Mirror, Mirage (A Poetry Prompt)

The heat is rising in the Midwest, and the pavement is awash in mirage after mirage. I noticed the first summer reflections last week on the road to Fort Smith, the pools of water evaporating just before my reaching them. There they were; then, there they weren’t. Mirages and high-school girlfriends — they share certain properties.

I considered the mirage, its definition and etymology. A mirage, says Merriam-Webster, is an “optical illusion of water in sandy deserts,” and comes from the French word “to be reflected,” as if in a mirror. Mirrors and mirages are reflective opposites, though. One reflects that which is. The other reflects that which is not.

Undoubtedly, there are those who mistake mirages for mirrors and vice versa. Consider, for instance, the cowboy who follows the reflection of water deeper into the desert, the one who mistakes illusion for true reflection. Consider, on the other hand, the one who sees an ever-flawed mirror image, the one who imposes mirage upon true reflection. Deception, see, is not merely found in a mirage’s promise. Perception can impose deceit over reflection, too.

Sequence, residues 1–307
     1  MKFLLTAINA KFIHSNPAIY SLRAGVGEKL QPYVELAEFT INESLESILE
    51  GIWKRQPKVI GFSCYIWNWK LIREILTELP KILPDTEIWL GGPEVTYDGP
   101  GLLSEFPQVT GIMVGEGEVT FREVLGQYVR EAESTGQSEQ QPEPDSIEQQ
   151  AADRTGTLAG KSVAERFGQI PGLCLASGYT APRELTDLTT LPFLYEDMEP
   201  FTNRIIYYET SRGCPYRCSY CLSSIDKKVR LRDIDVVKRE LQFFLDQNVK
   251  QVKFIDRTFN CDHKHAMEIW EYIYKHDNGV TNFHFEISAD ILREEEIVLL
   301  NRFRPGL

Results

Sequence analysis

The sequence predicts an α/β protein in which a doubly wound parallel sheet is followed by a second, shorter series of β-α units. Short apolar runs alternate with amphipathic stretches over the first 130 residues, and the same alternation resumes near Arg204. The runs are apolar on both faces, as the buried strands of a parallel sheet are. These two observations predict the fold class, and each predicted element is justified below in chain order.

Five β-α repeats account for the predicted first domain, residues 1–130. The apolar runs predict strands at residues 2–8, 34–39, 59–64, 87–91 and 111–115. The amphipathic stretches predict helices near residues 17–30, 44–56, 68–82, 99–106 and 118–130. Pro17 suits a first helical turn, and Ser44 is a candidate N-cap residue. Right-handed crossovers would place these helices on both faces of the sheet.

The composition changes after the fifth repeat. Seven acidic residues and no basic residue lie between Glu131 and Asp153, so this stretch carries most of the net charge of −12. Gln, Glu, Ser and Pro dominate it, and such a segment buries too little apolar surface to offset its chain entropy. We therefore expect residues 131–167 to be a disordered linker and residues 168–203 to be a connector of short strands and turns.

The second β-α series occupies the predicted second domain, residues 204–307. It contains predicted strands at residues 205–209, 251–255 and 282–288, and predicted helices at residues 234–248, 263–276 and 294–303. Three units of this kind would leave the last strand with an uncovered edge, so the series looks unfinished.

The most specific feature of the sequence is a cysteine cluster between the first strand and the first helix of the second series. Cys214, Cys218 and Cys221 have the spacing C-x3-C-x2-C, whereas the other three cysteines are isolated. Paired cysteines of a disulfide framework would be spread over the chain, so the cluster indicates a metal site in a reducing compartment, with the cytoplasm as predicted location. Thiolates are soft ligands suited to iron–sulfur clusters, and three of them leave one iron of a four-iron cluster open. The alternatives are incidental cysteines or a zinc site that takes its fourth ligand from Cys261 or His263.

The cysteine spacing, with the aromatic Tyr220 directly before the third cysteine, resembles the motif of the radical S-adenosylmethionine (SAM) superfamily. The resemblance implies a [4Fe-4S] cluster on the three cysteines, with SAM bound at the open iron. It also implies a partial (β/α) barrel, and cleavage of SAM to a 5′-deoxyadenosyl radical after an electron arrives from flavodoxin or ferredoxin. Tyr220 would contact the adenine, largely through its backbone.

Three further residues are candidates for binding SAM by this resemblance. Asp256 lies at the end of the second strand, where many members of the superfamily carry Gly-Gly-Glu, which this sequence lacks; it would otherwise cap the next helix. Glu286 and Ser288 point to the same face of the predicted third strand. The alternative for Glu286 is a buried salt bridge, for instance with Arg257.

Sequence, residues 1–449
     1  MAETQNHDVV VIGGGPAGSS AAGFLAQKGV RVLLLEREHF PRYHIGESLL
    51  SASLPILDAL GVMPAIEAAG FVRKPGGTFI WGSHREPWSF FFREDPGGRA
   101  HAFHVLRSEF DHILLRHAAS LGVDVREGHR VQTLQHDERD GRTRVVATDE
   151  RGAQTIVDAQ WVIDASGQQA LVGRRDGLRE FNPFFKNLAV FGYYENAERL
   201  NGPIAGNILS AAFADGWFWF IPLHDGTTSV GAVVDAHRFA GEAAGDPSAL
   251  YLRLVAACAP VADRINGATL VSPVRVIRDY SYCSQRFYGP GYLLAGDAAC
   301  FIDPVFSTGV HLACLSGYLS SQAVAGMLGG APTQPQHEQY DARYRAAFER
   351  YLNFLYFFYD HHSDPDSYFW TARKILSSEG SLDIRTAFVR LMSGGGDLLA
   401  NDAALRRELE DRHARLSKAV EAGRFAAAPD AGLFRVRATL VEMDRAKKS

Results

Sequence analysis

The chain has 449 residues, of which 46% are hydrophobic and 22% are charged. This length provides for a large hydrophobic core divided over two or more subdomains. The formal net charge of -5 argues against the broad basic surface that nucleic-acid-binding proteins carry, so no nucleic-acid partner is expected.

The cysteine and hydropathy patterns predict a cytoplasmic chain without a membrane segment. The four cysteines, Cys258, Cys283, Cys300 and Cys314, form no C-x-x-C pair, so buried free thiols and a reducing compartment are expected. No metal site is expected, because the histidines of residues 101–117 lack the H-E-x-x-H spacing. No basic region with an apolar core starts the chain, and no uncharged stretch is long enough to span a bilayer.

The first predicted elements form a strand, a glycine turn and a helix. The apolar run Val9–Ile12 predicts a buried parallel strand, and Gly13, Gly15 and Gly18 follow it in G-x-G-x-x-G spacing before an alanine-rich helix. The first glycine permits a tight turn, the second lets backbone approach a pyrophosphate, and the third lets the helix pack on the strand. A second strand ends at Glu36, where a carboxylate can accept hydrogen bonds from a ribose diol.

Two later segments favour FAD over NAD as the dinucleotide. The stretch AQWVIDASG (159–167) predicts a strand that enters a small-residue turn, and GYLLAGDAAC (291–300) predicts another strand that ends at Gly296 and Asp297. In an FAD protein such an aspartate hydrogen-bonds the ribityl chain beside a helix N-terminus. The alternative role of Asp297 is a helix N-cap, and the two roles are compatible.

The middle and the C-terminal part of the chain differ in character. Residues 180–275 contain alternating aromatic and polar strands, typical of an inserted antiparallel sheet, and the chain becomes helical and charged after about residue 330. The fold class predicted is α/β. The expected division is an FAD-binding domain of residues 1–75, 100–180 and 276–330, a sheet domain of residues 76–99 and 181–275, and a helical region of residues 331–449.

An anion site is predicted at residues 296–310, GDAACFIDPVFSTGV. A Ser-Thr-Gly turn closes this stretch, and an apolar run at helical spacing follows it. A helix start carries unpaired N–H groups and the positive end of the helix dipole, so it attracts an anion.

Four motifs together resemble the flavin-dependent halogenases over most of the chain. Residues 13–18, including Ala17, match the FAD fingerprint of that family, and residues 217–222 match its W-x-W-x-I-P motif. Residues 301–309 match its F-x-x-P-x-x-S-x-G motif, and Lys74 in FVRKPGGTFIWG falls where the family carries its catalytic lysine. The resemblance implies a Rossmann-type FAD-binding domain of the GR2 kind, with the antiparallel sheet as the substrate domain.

So let’s consider them — mirage versus mirror.

Do you know the difference?

Poetry Prompt: We’ve been writing poetry prompts around the theme “Mirror, Mirror,” this month, and your pieces have been great. This week, though, we’d like to pen poems about different sorts of reflections — mirages. Consider a mirage you’ve followed. Use the mirage as a metaphor, a prop, or a analogy. Discuss reflections — both false and true. As always, we’ll award extra points for creativity (and maybe a bonus point or two for style). Who’s first?

Tweetspeak’s Mirror, Mirror Poetry Prompt:

This month we’re considering the theme “Mirror, Mirror,”  and we’ll be composing poems around the subject. How do you participate in this month’s poetry prompt?

1. Consider a mirror, whether a makeup mirror, a hand held mirror, or your rear-view mirror. Listen to our monthly prompt-themed playlist. What images, emotions, metaphors, or allegories do they conjure?

2. Compose your own poem around the theme.